The long version of course 🙂 Althought, Im not sure which fabric I want to use… Polyester fabrics are cheap but Im looking for something natural. Silk is too expensive… any suggestion? 🙂

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    1. Thank you! 🙂 I spotted her dress too – isn’t it beautiful! I would love to sew the long version too, it would be such a lovely dress to have for summer. How about a rayon (I think rayon is also called viscose) – it has a lovely feel and drape to it, and isn’t generally too expensive. It’s not strictly speaking natural though (I don’t think). I’ve used a cotton lawn with this one – the fabric recommendations on the pattern packet suggests using a voile or a chiffon which I might try for a light summer version. Excited to see what you end up doing! 🙂

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      1. Haha, thanks 🙂
        Hmm, yeah, here in Hungary we call it viscose (sometimes I feel so lost in the fabric terminology…), I spotted a nice light jacquard fabric which might work. http://www.eurotextil.hu/termek/Lagy_jacquard_selyem-7325-5820
        It is made of viscose.

        And I am wondering to buy some of this as well: http://www.eurotextil.hu/termek/Vekony_selyem_santung-4170-2220

        I have a very white/pale skin, I might use some stronger shade.

        (sorry for my English, it is not my native)

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  2. I get a bit confused with fabric terminology too – especially when buying online and I can’t actually feel the fabric before buying it. The light jacquard fabric is very pretty – it would make a lovely dress! But so is the other fabric – that lovely minty green fabric would be perfect for a dress which you could then dress up with jewellery & accessories….
    Being pale though you’d definitely get away with stronger warm shades too!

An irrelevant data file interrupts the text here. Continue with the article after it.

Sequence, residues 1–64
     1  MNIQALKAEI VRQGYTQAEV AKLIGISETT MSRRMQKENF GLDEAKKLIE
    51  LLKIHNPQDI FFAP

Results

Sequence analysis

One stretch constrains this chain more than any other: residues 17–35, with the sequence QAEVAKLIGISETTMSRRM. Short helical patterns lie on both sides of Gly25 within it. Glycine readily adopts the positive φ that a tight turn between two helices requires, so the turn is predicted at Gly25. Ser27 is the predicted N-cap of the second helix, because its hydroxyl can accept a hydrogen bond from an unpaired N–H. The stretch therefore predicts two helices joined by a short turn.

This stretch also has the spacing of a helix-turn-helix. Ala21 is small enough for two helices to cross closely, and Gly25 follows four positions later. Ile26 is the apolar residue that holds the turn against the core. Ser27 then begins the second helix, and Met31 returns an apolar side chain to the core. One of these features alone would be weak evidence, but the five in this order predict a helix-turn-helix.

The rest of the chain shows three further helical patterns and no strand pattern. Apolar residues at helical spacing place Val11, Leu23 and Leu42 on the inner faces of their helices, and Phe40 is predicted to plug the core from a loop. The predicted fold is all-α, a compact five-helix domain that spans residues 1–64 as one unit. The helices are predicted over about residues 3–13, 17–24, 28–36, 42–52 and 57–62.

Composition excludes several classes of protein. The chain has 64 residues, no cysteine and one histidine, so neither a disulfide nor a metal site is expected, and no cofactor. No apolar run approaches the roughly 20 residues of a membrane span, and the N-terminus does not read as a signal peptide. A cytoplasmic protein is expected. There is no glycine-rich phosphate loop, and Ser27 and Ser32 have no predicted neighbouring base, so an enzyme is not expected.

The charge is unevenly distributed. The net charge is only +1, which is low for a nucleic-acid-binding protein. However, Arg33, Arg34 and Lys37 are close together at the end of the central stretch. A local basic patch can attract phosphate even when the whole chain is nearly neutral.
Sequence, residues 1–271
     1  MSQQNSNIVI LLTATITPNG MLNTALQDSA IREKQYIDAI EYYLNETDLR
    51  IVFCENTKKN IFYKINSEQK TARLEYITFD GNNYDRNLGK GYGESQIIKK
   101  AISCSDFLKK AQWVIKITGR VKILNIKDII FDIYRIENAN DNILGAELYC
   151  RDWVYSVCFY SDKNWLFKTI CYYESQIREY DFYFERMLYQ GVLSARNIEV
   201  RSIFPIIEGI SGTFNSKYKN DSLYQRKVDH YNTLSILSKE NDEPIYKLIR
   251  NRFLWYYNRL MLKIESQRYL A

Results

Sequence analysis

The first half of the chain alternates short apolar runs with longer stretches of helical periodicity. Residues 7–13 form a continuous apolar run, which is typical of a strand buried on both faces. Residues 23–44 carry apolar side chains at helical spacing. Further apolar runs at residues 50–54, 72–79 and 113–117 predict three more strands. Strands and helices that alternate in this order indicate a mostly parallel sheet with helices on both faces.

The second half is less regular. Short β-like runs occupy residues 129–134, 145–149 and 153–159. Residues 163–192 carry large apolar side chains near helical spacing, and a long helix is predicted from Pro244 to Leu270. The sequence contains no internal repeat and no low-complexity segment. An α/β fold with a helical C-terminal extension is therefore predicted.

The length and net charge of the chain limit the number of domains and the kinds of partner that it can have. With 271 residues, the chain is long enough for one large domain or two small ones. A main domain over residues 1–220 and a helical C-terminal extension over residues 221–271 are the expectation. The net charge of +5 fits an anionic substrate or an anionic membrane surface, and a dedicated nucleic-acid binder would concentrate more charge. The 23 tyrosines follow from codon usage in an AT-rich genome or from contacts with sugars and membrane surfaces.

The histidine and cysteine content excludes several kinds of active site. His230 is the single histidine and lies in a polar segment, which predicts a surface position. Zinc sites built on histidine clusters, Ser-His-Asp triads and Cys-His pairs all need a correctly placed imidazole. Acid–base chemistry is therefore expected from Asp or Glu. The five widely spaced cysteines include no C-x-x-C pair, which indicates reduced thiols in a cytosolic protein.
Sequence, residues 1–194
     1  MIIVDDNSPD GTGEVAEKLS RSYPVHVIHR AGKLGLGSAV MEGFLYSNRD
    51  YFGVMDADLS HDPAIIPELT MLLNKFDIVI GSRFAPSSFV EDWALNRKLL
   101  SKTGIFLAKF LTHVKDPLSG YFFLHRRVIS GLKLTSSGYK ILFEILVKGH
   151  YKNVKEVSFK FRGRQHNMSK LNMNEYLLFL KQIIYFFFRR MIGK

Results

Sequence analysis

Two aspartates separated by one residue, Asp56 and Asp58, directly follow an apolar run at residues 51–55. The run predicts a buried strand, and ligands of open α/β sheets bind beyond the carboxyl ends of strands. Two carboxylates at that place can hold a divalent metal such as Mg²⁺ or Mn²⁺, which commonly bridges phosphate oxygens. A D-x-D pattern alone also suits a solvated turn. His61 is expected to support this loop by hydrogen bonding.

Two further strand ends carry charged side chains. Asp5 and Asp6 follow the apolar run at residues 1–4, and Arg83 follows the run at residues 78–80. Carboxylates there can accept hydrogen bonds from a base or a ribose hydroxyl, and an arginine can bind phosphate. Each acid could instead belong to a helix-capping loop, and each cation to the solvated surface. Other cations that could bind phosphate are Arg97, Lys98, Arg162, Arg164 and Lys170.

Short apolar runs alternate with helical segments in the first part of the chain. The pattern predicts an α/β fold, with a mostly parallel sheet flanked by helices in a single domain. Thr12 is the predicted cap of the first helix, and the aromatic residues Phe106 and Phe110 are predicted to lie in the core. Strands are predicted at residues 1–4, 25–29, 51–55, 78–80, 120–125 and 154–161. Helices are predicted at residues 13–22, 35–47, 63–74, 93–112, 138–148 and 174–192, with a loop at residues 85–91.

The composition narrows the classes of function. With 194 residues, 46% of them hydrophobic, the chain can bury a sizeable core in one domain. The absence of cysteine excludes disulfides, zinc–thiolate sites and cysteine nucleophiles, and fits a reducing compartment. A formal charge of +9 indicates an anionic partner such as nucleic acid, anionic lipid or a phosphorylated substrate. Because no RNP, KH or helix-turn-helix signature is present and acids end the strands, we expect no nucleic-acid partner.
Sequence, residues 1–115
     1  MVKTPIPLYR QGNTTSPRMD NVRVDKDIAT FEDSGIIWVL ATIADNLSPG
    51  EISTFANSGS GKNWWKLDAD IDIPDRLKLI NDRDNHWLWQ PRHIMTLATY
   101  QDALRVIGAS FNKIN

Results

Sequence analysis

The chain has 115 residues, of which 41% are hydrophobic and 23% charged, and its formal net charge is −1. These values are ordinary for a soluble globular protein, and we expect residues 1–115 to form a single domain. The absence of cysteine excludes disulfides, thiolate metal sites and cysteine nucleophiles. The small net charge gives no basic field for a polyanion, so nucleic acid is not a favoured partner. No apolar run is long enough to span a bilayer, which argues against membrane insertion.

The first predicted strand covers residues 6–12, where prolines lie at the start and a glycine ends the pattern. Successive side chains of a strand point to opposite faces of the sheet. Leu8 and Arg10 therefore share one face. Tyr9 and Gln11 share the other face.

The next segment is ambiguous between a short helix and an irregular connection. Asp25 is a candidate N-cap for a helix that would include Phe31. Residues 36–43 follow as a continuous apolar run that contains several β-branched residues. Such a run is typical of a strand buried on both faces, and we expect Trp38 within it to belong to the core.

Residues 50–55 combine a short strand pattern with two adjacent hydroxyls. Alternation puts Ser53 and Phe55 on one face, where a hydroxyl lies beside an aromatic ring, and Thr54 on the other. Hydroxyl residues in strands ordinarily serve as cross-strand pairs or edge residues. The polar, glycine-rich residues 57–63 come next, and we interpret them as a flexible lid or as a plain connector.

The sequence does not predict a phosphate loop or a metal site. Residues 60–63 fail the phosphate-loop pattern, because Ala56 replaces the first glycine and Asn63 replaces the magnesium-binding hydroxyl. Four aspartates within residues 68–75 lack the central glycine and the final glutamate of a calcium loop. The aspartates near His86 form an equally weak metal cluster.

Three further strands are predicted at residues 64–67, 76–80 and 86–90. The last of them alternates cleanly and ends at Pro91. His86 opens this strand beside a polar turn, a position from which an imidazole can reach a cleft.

(You’re English is perfect – way better than I could ever speak another language!! 🙂 )

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    1. Haha, thank you 🙂
      I’m thinking about the jacquard (grey) fabric, but Christmas is coming and I have to save money – meanwhile I gotta buy some lingerie notions as well… hmm, I’ll think about it.
      Yeah, I love warm shades also, with my red hair I love the autumn colours, but funny thing I don’t intend to but I never happen to wear green (I think I want to, I’M just more attracted to pastel colours, purple, pink, burgundy, icy blue) but this season I successfully bought second-hand green jeans! 😀

      I don’t want to be awkward, but is there any way to get in contact with you? I barely find “newbie’ seamstresses with whom I can share my sewing journey, especially not from Europe. Either they are professionals, or just too basic. 🙂

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  3. I can’t believe how close Christmas is coming – I’m trying to resist buying fabric so I have some money for Christmas shopping! It’s hard though…!
    You’d really suit green with your red hair – green jeans sound fabulous! 🙂

    No not awkward at all! It’s nice to meet someone who is just getting going with dressmaking too 🙂 I’ll send you a message on the fold line 🙂